I am a car driver and motorcycle rider. For both I pay vehicle tax. I have just come to renew my tax and came across your site.

I must admit that when I am commuting on my motorcycle, I am one of those people who mutter under my breath “pay some bloody road tax” to those cyclist that get in my way. Thanks to your site I now know better. I like to be educated about things (especially my prejudices) and would like to thank you for putting me straight on this.

May I make one suggestion though. Before I was allowed on the road, on a motorcycle, I had to spend a morning learning road proficiency followed by an afternoon of tutored on road riding. This was in addition to having to pass a theory exam. I realise that the administration of such a routine would be prohibitively expensive to administer and enforce for bicycle riders, but feel that a few incompetent cyclists are giving the rest of you a bad name.

I’d be interested to know your thoughts.

Yours (a little wiser),

Roger

Dear Roger

Thanks for letting me know that.

The law has tended to be quite clear on the testing issue: testing is proportional to power output. Adding a motor creates faster, more powerful vehicles so operators of motor vehicles are subjected to a form of test before being allowed to propel their machines on the public highway. It’s important to stress there’s no requirement for a motor vehicle operator to have formal lessons before starting to use the road under power, merely that they must sit an exam.

Road users propelled by engines often have a great deal of power at their disposal so, potentially, pose a risk of harming others. The compulsory examination of a motor vehicle operator happens just once and, as is plain for all to see, does not lead to automatic compliance with road laws. For instance, the majority of motorists admit to breaking speed limits and some do so habitually, at great risk to others.

Regrettably, cyclists also break road laws and, yes, such law breaking is often deemed to be behaviour common to all cyclists.

Given that cyclists do not have engines (apart from those who operate electric bikes, but that opens up a whole new can of worms) the law has not seen fit to require testing before cyclists start using the public highway, even though they operate what the law has considered a carriage since 1888. This carriage, ridden carefully by an unprotected operator who risks injury to their self, is deemed to be capable of causing little harm to others. In this respect cyclists are like pedestrians. Test cyclists who use the roads, and you’d have to test pedestrians who use the roads.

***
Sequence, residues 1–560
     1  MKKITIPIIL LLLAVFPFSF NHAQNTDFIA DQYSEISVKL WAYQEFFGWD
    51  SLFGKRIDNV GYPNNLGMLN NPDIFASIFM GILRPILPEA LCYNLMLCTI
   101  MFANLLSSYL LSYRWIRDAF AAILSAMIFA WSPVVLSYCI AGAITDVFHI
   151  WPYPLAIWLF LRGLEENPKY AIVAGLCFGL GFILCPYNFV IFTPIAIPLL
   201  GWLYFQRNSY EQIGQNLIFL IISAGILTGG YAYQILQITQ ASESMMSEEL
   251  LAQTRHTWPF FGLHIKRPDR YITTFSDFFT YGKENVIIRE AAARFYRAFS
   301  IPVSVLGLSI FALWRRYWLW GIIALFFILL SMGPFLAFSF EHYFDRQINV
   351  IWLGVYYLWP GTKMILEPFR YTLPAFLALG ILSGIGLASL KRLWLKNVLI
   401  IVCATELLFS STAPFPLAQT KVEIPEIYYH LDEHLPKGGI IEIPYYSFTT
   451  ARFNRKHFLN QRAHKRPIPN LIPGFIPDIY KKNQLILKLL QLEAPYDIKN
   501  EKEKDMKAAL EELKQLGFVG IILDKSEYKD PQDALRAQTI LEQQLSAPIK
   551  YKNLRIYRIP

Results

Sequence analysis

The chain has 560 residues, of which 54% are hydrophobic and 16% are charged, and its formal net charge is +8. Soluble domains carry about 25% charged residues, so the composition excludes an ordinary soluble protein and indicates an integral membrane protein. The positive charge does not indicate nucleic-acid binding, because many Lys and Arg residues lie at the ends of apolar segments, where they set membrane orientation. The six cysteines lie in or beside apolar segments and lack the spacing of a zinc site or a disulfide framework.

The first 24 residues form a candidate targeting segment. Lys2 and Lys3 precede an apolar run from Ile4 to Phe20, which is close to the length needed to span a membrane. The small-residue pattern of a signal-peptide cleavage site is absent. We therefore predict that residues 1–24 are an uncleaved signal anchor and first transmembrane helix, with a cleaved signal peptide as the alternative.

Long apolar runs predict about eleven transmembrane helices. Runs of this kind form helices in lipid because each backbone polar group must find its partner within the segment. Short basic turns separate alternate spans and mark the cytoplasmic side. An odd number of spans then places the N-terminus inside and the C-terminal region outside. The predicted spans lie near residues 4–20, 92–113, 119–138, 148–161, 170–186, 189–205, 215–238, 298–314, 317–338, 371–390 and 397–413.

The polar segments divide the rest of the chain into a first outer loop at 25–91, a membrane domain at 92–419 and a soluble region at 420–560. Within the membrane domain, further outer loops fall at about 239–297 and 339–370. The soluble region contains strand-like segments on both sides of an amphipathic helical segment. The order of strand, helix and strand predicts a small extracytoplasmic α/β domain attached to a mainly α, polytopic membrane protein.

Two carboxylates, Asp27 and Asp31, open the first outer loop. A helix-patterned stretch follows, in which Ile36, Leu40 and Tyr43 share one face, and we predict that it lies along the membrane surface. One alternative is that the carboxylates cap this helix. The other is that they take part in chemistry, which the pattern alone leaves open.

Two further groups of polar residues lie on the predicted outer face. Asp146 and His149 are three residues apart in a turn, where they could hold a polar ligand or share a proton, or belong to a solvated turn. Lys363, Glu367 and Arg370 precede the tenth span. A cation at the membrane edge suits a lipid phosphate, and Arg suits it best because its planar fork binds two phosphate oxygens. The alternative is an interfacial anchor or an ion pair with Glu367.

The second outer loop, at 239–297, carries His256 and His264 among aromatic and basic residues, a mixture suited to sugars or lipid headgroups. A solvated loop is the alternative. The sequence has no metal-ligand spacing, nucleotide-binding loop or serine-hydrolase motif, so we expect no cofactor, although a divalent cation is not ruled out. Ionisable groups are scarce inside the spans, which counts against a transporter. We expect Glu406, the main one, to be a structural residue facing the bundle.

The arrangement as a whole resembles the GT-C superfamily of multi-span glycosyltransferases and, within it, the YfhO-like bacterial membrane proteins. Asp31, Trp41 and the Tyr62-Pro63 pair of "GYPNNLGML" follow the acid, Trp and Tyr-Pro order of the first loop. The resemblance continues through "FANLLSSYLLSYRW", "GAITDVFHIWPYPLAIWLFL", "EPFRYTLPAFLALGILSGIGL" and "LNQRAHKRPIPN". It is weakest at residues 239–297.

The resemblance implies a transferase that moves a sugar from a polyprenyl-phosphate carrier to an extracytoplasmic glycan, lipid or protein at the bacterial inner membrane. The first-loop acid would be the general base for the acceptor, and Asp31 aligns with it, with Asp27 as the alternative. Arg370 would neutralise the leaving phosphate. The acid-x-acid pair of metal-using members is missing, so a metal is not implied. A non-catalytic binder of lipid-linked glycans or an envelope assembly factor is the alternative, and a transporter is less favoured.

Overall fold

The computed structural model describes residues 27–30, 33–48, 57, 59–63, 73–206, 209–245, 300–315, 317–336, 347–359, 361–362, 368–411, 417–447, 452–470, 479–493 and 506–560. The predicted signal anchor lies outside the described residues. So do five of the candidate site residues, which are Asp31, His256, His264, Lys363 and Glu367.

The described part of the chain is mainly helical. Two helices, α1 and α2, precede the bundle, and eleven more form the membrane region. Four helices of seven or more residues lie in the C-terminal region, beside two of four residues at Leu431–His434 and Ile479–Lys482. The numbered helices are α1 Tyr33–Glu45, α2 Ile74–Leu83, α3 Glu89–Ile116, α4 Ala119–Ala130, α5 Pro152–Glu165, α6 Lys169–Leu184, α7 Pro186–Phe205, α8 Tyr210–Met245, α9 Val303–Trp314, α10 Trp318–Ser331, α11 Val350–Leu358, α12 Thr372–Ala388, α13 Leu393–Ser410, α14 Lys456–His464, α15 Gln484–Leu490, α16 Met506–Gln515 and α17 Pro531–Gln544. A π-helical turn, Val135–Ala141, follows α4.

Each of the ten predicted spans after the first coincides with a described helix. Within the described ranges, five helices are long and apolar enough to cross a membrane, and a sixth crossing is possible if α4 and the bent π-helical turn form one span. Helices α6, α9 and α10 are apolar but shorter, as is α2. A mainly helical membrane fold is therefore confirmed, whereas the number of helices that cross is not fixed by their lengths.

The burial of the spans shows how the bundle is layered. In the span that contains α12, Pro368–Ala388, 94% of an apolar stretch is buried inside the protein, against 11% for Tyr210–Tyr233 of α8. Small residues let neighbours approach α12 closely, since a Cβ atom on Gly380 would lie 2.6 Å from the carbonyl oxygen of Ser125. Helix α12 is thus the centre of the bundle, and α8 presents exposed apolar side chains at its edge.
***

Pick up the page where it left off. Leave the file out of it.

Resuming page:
However, despite there being no legal requirement for cyclists to sit tests, a great many cyclists are given road training. Many children get Bikeability training at school and there are many cycle trainers around the UK who offer Bikeability training for adults.

It’s also worth pointing out that nearly ninety percent of cyclists own cars and so have passed the driving test.

Thanks.

Carlton

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Road tax doesn’t exist. It’s car tax, a tax on cars and other vehicles, not a tax on roads or a fee to use them. Motorists do not pay directly for the roads. Roads are paid for via general and local taxation. In 1926, Winston Churchill started the process to abolish road tax. It was finally culled in 1937.

The ironically-named iPayRoadTax.com helps spread this message on cycle jerseys. Car tax is based on amount of CO2 emitted so, if a fee had to be paid, cyclists – who are sometimes branded as ‘tax dodgers’ – would pay the same as ‘tax-dodgers’ such as disabled drivers, police cars, the Royal family, and band A motorists, ie £0. Most cyclists are also car-owners, too, so pay VED.